I live in Shasta County near Redding, and our mayor just made the following speech.
Help me pastaz!!
Redding Record Searchlight (CA)
September 8, 2006
Officials voice religious views
Speakers at 9/11 service say prayer wins spiritual war
Local elected officials and a pastor Thursday used a commemoration of the Sept. 11, 2001, attacks to wage spiritual warfare against those who would attack America.
In a ceremony on the Shasta County Courthouse steps titled "One Nation Under God," Redding Mayor Ken Murray said Christians and Muslim radicals are engaged in "a war to the spiritual death of one of us."
Murray said Shiite Muslims believe it's acceptable to lie, cheat, steal and kill as long as it ultimately glorifies Allah.
"Folks, they're not like us," the mayor said. "They're not like us at all, and for them, their war has been going on for 1,200 years."
The Rev. Jim Wilson, whose ministry, PrayNorthstate, co-sponsored the event, characterized the conflict as "a war about idolatry -- whether or not we are sold out to the living God or sold out to some substitute for him."
Speakers said spiritual battles can be won through prayer. Wilson credited the prayer of north state residents for declines in traffic fatalities and cancer-related hospital admissions, as well as for the announced closure of the Family Planning Inc. of Shasta County reproductive health clinic in Redding.
The clinic is closing "because the spiritual climate here is more life-giving than life-taking as it used to be," Wilson said.
The agency's director, John Truitt, has cited rising costs as the reason the clinic is closing this month.
The comments came during an hourlong, noontime event co-sponsored by the county Sheriff's Department, the Shasta County Jail Chaplaincy, the Marshal's Office, PrayNorthstate, the Good News Rescue Mission and Sysco Foods.
Appearing along with Murray and Wilson were District Attorney Jerry Benito and Shasta County Sheriff Tom Bosenko, the keynote speaker. Assemblyman Doug LaMalfa, R-Richvale, was emcee.
The ceremony has been held each year to promote prayer as a way of alleviating fear and anger over the attacks. Last year's theme of love and hope included comments from Supervisor Linda Hartman, who noted that during Hurricane Katrina, "People from all walks of life and all corners of the country are stepping up to help those in need."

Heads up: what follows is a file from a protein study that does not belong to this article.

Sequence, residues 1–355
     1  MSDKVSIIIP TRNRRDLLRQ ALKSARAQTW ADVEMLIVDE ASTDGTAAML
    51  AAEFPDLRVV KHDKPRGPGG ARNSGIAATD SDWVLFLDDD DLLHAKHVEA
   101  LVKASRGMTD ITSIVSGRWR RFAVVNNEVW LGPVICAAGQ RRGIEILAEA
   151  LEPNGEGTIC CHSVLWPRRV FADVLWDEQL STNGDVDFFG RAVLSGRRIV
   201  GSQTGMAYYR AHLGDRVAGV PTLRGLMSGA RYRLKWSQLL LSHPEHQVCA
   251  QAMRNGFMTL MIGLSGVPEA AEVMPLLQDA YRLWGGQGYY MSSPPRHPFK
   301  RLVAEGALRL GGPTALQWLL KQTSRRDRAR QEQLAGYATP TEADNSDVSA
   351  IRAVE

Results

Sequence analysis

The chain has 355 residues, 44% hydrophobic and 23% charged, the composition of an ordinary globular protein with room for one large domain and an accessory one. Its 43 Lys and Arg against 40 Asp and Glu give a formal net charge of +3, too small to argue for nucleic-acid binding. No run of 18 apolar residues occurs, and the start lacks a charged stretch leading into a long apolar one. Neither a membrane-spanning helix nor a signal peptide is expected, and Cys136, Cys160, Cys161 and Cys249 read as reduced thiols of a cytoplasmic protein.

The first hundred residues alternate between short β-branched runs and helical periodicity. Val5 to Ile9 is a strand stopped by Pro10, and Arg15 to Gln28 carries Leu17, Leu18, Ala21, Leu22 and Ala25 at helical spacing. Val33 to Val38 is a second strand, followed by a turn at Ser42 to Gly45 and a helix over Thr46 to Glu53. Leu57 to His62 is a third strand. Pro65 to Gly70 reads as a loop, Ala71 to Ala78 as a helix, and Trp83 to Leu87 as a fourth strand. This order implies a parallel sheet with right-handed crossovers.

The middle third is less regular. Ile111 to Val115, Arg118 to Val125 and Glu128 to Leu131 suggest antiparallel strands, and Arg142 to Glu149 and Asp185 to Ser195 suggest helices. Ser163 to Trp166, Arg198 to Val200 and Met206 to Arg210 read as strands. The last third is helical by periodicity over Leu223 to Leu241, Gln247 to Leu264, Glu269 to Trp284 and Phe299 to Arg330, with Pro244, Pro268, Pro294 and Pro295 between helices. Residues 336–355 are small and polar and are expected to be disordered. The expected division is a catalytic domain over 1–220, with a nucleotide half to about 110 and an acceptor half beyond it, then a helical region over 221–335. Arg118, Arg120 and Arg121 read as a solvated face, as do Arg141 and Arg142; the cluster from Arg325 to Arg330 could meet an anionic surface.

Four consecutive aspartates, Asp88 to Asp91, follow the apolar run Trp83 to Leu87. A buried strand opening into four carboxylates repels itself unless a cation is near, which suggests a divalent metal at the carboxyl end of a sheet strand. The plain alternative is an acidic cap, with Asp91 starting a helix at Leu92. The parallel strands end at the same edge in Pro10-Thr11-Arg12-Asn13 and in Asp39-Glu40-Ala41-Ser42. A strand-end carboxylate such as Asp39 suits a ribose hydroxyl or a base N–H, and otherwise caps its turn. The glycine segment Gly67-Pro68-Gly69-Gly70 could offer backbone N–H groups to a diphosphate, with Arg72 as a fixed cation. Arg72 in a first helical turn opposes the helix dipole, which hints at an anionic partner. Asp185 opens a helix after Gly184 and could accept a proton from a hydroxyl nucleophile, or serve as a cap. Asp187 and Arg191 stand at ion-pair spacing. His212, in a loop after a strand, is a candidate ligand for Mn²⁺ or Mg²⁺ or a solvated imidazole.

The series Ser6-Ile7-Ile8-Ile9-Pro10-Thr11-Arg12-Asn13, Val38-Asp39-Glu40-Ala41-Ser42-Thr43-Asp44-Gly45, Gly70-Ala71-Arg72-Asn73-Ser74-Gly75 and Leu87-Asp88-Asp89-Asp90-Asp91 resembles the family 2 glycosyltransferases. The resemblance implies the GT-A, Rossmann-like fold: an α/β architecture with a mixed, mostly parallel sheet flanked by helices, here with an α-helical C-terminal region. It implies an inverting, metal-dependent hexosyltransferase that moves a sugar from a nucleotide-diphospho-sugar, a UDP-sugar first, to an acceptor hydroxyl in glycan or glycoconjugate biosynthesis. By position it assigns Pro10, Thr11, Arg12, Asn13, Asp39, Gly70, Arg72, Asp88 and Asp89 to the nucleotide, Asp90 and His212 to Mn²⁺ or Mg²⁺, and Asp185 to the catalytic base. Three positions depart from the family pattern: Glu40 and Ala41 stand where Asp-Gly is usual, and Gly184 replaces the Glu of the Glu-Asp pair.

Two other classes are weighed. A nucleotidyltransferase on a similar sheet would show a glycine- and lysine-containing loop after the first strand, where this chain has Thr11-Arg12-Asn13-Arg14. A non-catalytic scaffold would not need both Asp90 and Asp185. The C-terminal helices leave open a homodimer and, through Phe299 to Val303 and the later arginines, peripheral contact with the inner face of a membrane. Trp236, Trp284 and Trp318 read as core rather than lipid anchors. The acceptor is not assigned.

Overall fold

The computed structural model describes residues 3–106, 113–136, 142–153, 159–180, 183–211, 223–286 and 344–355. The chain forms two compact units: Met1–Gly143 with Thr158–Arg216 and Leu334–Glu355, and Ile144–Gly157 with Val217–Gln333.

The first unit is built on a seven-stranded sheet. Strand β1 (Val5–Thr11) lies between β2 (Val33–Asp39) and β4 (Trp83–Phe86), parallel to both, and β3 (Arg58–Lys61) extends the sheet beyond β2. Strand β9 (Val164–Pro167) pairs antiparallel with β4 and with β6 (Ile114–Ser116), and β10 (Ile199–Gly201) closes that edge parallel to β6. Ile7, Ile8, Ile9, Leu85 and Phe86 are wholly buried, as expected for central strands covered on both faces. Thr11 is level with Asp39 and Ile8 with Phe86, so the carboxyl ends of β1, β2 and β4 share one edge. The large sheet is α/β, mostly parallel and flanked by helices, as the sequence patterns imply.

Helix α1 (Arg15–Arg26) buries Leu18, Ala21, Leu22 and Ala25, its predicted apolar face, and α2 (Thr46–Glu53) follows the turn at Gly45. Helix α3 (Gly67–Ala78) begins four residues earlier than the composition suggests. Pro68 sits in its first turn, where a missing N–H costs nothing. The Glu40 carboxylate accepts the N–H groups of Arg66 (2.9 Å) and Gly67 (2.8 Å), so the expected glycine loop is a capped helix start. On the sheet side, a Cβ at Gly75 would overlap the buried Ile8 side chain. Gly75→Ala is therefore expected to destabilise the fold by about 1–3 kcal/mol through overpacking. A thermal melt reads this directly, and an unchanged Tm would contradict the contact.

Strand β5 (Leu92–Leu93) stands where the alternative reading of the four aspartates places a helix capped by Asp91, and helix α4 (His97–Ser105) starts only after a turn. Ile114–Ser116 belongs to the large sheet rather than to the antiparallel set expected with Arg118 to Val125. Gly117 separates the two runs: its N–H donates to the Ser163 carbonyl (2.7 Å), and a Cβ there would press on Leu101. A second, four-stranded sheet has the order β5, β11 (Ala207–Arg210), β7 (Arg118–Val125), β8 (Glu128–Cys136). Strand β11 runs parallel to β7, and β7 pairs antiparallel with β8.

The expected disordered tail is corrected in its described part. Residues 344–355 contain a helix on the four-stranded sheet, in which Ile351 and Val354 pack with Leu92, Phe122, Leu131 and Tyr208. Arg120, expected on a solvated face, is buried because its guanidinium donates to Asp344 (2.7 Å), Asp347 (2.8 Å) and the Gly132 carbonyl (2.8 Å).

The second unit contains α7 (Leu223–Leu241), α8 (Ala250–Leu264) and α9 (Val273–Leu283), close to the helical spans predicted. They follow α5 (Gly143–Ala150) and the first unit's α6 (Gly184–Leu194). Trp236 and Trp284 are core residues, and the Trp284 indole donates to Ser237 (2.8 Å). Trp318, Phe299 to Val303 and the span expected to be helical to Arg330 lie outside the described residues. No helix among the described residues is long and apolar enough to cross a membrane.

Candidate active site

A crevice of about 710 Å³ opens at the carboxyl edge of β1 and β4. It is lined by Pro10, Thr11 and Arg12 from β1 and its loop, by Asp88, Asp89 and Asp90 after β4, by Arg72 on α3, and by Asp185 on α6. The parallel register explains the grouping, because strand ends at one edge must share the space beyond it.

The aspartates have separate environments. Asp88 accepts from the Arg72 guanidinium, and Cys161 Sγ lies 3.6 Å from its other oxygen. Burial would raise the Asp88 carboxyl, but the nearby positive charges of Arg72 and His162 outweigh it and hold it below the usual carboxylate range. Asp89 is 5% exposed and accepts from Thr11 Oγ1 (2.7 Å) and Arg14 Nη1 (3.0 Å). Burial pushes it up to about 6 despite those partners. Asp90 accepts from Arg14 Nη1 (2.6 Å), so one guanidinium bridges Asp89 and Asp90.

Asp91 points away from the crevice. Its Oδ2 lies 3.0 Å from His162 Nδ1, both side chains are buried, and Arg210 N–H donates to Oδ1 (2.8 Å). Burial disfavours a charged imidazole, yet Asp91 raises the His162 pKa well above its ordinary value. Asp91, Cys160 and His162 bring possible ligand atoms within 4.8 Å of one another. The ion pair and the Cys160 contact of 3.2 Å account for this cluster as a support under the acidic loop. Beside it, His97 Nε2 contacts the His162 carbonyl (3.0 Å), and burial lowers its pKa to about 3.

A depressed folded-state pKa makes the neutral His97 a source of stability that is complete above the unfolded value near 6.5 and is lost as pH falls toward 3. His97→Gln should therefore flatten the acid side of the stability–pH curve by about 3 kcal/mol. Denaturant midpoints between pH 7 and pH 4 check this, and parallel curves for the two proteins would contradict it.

But this year, spiritual battles were a recurring focus. Benito praised those who fought back against the terrorists on one of the hijacked planes on Sept. 11, 2001, and said America is a nation of survivors through faith in God.
"As long as I have faith in God and submit to his will, all that happens ... will be for the best," Benito said. Victory can even come in death. "Jesus saw to that," he said.
Murray said after the program the notion of officials expressing their religious beliefs on the courthouse steps is "a free speech issue."
"I do not ... see it as government sponsoring of religion," Murray said. "The truth of the matter is if Arnold Schwarzenegger wanted to come up and set up on the courthouse steps and have a campaign rally, there isn't any law that says he can't do it. Or Billy Graham. It's not sponsoring."
As for his comments about Islam, Murray said he draws a distinction between "mainstream" practitioners of the religion and Shiites, whom he said were "wing nuts."
"Since the Crusades, there's been a spiritual battle for the hearts and minds of people," he said. "I think it's a historical reality, and the rubber's meeting the road again. Either the Judeo-Christian philosophy will survive or the Islamic philosophy will survive."
Murray said he would like to see future commemorations be more inclusive in terms of speakers.
The secret of happiness involves ducks and ukuleles.